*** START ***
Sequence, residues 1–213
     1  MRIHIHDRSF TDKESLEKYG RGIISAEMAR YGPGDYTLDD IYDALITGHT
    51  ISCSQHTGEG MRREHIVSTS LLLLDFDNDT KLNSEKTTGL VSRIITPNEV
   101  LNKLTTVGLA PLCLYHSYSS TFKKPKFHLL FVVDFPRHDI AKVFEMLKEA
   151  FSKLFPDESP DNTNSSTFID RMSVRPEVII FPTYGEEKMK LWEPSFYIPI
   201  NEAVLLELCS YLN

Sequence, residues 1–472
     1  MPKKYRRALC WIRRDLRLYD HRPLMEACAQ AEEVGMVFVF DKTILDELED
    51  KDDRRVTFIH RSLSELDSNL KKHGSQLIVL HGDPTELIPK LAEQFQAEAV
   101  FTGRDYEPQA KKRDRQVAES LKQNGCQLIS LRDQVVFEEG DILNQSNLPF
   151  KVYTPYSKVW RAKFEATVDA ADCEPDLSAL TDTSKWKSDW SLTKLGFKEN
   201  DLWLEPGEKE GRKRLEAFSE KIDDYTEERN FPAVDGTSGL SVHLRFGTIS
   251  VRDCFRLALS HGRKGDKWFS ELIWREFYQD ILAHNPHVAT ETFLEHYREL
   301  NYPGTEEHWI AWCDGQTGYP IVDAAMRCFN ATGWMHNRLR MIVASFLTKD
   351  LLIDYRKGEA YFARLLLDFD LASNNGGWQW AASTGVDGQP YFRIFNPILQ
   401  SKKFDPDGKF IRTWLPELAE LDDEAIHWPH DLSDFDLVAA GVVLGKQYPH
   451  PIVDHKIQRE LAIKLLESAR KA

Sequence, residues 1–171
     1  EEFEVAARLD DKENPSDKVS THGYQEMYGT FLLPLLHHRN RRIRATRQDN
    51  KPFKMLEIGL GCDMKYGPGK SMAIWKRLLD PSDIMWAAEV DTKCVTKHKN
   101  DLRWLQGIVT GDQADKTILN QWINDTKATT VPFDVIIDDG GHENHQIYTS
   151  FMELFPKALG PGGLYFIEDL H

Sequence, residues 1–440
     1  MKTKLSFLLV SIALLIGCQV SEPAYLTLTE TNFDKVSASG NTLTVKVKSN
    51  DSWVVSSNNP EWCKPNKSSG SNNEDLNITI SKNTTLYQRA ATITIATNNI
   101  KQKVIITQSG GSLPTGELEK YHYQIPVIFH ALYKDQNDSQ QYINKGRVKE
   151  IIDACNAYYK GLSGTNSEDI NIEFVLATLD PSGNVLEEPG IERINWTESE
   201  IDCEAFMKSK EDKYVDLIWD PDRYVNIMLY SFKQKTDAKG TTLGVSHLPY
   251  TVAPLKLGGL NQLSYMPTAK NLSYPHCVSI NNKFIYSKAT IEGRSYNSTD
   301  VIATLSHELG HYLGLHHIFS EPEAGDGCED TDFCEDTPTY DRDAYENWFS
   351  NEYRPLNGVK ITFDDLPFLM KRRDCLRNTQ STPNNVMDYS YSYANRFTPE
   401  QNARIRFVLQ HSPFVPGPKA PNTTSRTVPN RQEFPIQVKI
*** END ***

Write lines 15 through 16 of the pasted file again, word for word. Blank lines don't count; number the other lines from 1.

   351  LLIDYRKGEA YFARLLLDFD LASNNGGWQW AASTGVDGQP YFRIFNPILQ
   401  SKKFDPDGKF IRTWLPELAE LDDEAIHWPH DLSDFDLVAA GVVLGKQYPH